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Drunken Calamari

Greeks take Lent before Easter very seriously, therefore, most restaurants alter their menu to adapt to meatless dishes. It's a refreshing experience, to move away from the standard "souvlaki" and lamb "kleftiko", give it a go!

So, when I found myself in Athens for a long weekend in April, my parents took me straight to the port of Rafina, for lunch, which is just 10 minutes away from the airport. 
We got ourselves a seaside spot and ordered some of the good old favourites: spiced sardines, barbecued sundried octopus, courgette croquettes, barbecued mushrooms with olive oil and balsamic (so simple and delicious, it's a revelation!), tomato croquettes and off course halva, sweetened semolina with cinnamon and sultanas in other words.
Oh, and then we met "Odysseus"! 
A whole calamari, stuffed with prawns and chopped veggies, in a red sauce, so light, simple and flavoursome.
Sorry to be a killjoy, but next time your guests announce that they only eat fish, you have no excuse to grimace!

I must admit, I do not like heavy, complex flavours. I prefer it when I can taste the base ingredients in dishes that are more earthy and fresh.
So here is a slightly altered recipe, inspired by "Odysseus".

Drunken Calamari:

- Two fresh whole calamari (ask the fishmonger to take the cartrilige and ink out)
- Two cups of red wine
- One orange, peeled and sliced
- Three-four cloves
- Two-three cloves of garlic,  peeled and thinly sliced
- Two bayleaves
- One stick of cinammon, broken into smaller pieces
- Spring onions
- One cup of rice
- Pinenuts
- Sultanas
- Olive Oil, Salt & Pepper

For the "drunken" marinade:
In a broad, deep bowl combine: the red wine, orange slices, cloves, garlic, bayleaves and cinnamon. Wash and pat dry the two calamari, leave them whole.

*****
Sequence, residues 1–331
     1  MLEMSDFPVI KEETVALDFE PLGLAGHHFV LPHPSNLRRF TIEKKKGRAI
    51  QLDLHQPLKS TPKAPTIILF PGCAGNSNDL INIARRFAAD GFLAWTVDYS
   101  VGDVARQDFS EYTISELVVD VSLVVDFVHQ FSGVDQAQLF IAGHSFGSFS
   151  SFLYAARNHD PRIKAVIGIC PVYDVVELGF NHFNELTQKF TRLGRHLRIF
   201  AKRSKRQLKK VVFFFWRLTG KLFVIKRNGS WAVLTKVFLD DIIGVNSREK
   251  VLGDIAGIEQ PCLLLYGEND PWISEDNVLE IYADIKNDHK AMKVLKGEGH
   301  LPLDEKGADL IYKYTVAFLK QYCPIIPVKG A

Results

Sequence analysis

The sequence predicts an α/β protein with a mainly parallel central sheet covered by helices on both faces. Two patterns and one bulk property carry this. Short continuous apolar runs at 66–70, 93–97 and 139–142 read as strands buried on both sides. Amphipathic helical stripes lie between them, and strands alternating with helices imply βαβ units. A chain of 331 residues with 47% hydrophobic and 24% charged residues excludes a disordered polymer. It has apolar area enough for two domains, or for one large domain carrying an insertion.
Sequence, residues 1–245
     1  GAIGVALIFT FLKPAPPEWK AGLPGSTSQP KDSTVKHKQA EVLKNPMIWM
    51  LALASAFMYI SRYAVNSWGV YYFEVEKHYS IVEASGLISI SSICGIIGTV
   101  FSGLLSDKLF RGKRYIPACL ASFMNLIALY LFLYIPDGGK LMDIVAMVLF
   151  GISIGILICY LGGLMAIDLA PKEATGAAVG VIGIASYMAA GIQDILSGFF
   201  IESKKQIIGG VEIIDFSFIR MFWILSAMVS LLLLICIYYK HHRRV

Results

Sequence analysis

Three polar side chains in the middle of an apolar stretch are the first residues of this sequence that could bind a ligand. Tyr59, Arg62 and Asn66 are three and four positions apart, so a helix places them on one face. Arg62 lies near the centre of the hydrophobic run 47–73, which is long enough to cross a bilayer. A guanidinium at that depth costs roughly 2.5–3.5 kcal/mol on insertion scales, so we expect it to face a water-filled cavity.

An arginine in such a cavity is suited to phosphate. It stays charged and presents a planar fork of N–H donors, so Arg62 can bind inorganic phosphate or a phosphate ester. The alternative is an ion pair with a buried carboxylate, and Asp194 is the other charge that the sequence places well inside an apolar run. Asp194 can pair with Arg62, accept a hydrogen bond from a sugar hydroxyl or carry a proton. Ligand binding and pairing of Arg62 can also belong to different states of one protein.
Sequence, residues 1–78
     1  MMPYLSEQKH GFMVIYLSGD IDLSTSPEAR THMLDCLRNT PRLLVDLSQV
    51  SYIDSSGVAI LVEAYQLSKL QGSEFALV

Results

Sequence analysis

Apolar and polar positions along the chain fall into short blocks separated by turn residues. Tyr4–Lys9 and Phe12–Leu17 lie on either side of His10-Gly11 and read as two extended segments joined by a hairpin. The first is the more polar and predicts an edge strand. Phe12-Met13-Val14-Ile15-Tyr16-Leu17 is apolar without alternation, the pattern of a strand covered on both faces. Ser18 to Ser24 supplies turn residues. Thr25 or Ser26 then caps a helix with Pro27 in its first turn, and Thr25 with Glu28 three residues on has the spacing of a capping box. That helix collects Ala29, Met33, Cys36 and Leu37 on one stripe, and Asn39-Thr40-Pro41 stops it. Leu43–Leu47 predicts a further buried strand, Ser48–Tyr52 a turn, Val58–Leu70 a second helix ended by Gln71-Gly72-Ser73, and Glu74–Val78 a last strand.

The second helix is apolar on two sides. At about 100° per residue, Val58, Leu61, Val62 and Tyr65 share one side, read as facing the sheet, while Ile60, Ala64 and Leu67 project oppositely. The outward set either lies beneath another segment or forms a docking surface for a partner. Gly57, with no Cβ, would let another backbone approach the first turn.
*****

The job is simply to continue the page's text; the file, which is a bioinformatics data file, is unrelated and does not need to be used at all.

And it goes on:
Marinade them for a couple of hours or preferably overnight in the lovely "drunken" liquid you've just prepared. 

Get stuffing:
When you are ready to stuff the calamari, half-boil the rice with two cups of water and a generous pinch of salt;  let the water get absorbed during boiling, but not dry out completely.
Once half-cooked, take the rice off the heat and mix in the chopped spring onions, pine nuts and sultanas.
Take the calamari out of the marinade and place it on a baking tray that has been slightly oiled.
Pour the marinade liquid through a fine sieve and keep the gorgeous, red, fragrant nectar aside.
Pour roughly 3/4 of a cup of the strained marinade liquid, into  the rice mixture and toss around until all of the rice is coated with the wine marinade.

Use a spoon to stuff the calamari with the rice mixture, making sure there is enough marinade liquid, to help the rice cook further.
Take two toothpicks and prick the calamari's opening, closed firmly, so that the rice doesn't spill out during baking.
Place both chubby, stuffed calamari on the baking tray and pour the rest of the marinade liquid over them. Salt & pepper, generously.
Bake for 20-25 minutes in  pre-heated oven, around 200C.

Remember, the calamari is already intoxicated, you are up next! x

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